I called the board and they informed me I would have to sit for my exams again. MFT exams are notoriously difficult, with very low pass rates, but I was grateful that at least my two years of grad school and three years of internships did not need to be repeated. So I set out and started studying. It was time for me to take control of my financial future. (TIAA offers some wonderful resources here.)
Taking these exams again was a humbling experience but it was also empowering. It was humbling because I had been a supervisor and a professor. I had taught some of the subjects on the exam. But at the same time, while I was out of practice, certain laws had changed and a new diagnostic manual had been published with a lot of changes – so I was truly behind. I failed my first practice test. I had my work cut out for me.
But it was also empowering because I knew that I was working toward a career option, one that I was grateful to have. While I always wanted to be a mom, I am so glad that I also recognized that nothing is ever certain, and had the sense to study for a career in my early adulthood instead of assuming I would just stay home and let my husband support me. Even though that was my reality for a few years, I’m glad I had a backup.
In September I took the first of the two exams and passed, and then last week I took the second and passed. It has been a huge relief. I’m not sure I will go right back into private practice but I am so glad that I have it as an option.
I had the chance to take part in a conversation led by TIAA about rebuilding after a divorce. It’s a topic I feel passionately about, because I know how much finances can be a strain in that process . . . especially for women. In this video, I talk about the process of finding my financial footing after divorce.
Whether or not you are going through a divorce, I would encourage every woman to make sure she has a clear picture of her financial portfolio and plans for the future. TIAA has some amazing resources to help with that endeavor on their website – check it out to learn more about how you can take control of your financial future.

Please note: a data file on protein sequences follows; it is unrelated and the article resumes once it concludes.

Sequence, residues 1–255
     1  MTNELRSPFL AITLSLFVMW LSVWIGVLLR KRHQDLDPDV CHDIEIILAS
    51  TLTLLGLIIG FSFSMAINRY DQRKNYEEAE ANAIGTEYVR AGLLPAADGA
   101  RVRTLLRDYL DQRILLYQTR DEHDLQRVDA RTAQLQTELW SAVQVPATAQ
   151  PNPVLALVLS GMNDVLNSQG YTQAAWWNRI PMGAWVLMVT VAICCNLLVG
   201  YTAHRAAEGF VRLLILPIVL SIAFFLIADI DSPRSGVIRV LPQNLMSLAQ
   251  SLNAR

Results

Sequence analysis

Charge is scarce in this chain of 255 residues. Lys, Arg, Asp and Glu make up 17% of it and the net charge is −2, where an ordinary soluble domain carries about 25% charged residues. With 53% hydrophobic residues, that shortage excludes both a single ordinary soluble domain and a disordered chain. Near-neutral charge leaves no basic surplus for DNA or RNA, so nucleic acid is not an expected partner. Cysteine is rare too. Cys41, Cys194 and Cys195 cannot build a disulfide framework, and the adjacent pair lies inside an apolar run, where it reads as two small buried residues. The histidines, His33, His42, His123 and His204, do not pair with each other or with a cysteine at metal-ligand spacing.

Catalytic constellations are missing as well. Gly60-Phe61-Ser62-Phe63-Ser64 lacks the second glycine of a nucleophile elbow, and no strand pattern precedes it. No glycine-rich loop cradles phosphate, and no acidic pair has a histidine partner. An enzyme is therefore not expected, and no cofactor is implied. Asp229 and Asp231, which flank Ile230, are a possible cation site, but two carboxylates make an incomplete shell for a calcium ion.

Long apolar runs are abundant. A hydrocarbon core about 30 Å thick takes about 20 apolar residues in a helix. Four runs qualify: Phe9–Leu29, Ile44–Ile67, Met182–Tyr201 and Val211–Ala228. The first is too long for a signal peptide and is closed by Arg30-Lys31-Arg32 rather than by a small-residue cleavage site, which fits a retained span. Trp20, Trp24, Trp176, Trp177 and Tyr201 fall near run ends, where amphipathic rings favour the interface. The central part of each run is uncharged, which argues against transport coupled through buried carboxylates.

This post is sponsored by CHOC Children’s
The teen years can be difficult. From social issues to heartbreaks to school stress, it’s a lot to handle. And then you add the roller-coaster of shifting hormones . . . it’s no wonder teens can struggle with self-esteem. Acne can be another frustrating hallmark of this phase of life and can affect self-confidence for many kids. I talked with Dr. Priya Mody, a pediatrician from CHOC Children’s, to hear an expert opinion on how to help our kids deal with problematic skin issues.
Simply put, teens are more prone to acne than their younger siblings or their parents. Acne occurs when the hair follicles are plugged with an oil called sebum.
“Hormones, that teenagers can have in excess during puberty, increase that oil production, which means more acne,” Dr. Mody explains. “That’s why girls tend to get it around their period, and boys tend to get it when they start going through growth spurts when they’re around 14, 15, and 16 years old.”
I asked Dr. Mody about the best products for kids to use. She explained that many times, kids come in to her office after they have already tried over-the-counter medications. “There’s a lot of different options out there, so sometimes it is confusing for the parents and kids,” she says. “Washes that contain benzoyl peroxide or salicylic acid tend to be the best because they kill bacteria and remove the dead skin that clogged the pores. There are also on-the-spot treatments that contain these same ingredients, that you can apply to decrease inflammation and prevent pimples from coming back.”